By bribing people to celebrate Canada:
The federal government is spending $17.5 million on community events and a "national musical celebration" to honour Canada's 150th birthday in 2017.
Canadian Heritage Minister Mélanie Joly made the announcement in front of a string band at Toronto's Daniels Spectrum Theatre Monday morning.
The federal government is chipping in $10 million to the Community Foundations of Canada for its community fund project, which will give small grants to put on events in communities across the country.
We may love our country but - damn it -we expect to get paid for loving it. In other eras it was understood that the nation might call upon its citizens to make the ultimate sacrifice on the battlefield. That was a very long time ago. Now expecting ordinary Canadians to pay for some balloons and an amateur band warbling O Canada is a sacrifice too far.
This is not a partisan complaint. During the bicentennial of the War of 1812 we were treated to similar examples of ersatz subsidized patriotism. Liberal CanCon is admittedly more grating than its Conservative counterpart, though the difference is marginal. The working assumption behind CanCon - whatever party colour is espousing it - is that ordinary Canadians are too stupid to appreciate their own country, therefore the kindly bureaucrat will remind us of how lucky we are to live in Justin Trudeau's Dominion. Or to put it another way: Canada is too important an idea to be left in the hands of actual Canadians.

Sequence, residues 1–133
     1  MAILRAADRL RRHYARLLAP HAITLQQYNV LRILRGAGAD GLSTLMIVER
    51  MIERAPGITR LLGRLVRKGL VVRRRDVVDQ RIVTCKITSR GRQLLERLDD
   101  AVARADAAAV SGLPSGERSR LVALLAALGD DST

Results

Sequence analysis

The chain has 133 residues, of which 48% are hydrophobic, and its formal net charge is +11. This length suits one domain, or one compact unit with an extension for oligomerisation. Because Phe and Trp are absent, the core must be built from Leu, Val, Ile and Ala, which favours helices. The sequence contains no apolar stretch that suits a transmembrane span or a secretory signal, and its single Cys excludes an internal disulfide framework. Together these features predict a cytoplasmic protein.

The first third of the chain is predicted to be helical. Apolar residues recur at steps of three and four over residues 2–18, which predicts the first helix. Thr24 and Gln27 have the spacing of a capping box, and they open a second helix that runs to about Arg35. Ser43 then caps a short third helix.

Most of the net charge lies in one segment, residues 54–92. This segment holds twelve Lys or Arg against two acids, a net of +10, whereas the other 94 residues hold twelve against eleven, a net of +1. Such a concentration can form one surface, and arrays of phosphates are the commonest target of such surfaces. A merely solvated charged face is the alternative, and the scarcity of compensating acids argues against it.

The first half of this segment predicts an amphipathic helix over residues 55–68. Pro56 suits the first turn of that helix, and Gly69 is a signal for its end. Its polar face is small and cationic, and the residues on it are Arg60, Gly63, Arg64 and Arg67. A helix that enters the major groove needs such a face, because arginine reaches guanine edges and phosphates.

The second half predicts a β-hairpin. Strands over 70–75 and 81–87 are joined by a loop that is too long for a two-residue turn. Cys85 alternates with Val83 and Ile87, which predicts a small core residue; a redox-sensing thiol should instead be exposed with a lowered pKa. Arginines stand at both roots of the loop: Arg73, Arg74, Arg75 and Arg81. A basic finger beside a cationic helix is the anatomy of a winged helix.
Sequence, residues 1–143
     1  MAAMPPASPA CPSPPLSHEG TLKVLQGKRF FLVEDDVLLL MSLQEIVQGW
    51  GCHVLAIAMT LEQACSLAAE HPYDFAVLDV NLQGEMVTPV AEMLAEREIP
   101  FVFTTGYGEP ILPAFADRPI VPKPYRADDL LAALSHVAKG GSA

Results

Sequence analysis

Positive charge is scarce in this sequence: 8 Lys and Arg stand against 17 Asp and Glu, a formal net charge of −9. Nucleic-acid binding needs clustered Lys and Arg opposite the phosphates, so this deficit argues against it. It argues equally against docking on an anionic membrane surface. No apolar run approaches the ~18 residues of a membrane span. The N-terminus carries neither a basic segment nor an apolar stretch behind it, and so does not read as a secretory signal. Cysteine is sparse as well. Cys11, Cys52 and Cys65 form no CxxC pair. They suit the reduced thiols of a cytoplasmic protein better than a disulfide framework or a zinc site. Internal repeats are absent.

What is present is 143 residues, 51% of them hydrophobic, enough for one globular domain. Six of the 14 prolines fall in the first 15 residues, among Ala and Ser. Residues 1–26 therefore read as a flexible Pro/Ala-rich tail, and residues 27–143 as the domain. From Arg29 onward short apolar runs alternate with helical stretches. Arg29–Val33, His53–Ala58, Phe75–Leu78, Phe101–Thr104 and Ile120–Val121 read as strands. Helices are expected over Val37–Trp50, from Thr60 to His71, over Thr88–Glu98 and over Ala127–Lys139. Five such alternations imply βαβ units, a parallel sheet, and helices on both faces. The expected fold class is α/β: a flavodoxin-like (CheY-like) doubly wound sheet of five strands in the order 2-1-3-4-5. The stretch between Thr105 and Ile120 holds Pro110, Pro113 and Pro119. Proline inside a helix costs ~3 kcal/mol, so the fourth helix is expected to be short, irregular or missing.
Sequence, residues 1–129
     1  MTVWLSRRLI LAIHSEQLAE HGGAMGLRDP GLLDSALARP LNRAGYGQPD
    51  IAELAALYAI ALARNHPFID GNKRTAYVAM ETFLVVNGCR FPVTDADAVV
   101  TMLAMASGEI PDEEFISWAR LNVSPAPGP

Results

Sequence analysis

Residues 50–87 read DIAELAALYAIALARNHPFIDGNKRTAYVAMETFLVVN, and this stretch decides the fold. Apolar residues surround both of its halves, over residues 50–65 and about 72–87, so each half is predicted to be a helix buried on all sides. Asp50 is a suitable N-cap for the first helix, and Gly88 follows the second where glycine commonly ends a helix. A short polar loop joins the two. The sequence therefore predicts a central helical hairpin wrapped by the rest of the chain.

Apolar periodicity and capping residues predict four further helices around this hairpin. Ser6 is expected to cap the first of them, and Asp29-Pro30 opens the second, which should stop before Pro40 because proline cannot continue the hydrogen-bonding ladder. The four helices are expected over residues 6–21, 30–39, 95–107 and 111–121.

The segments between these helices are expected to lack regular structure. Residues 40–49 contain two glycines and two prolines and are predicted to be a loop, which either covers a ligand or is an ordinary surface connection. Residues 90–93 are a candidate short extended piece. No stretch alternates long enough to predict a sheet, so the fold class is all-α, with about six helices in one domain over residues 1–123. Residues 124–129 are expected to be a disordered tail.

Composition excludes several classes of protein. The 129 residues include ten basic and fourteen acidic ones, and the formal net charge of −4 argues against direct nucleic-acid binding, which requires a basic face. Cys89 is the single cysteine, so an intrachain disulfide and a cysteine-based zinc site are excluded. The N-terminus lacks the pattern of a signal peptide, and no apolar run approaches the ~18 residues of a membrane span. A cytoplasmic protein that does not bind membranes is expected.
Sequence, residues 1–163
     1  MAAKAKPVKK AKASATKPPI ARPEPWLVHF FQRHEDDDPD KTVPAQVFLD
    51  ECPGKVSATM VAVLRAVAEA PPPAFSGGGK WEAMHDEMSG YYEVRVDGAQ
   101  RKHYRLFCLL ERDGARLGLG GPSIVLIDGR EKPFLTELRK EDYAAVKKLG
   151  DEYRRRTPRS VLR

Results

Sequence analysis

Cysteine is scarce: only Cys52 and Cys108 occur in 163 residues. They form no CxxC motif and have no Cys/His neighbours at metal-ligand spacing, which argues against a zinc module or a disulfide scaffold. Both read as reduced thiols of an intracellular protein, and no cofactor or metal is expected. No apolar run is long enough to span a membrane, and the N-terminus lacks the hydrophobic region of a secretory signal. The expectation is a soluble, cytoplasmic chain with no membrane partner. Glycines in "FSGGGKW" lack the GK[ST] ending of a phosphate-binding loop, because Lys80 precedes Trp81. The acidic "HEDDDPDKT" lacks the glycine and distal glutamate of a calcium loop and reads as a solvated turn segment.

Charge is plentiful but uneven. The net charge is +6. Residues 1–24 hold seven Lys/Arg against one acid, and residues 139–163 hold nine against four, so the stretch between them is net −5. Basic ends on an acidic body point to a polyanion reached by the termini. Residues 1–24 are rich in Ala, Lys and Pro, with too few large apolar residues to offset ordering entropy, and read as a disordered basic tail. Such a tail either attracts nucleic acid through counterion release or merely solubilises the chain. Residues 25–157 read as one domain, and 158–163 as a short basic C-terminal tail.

This was - at least officially - the premise behind Adscam. In the wake of the 1995 referendum near miss the Chretien Liberals marched through out Quebec proclaiming the greatness - or at least the adequateness - of a united Canada. Handing out free flags, cheesy ads and the occasional op-ed piece was more than a gigantic waste of money. Nor was it merely a corrupt waste of money. It was something far, far worse: A blatant insult to the intelligence of the ordinary Quebecker. Either Papa Jean believed that that the Sponsorship Programs were an elaborate vote buying exercise, or he thought his fellow Francophones were stupid enough to be persuade by such childish tactics.
This isn't confined to one province and one Prime Minister. If only. CanCon in all its forms is a sign of arrogance and contempt. Federally approved and financed national celebrations are proof of how little the government thinks of the governed.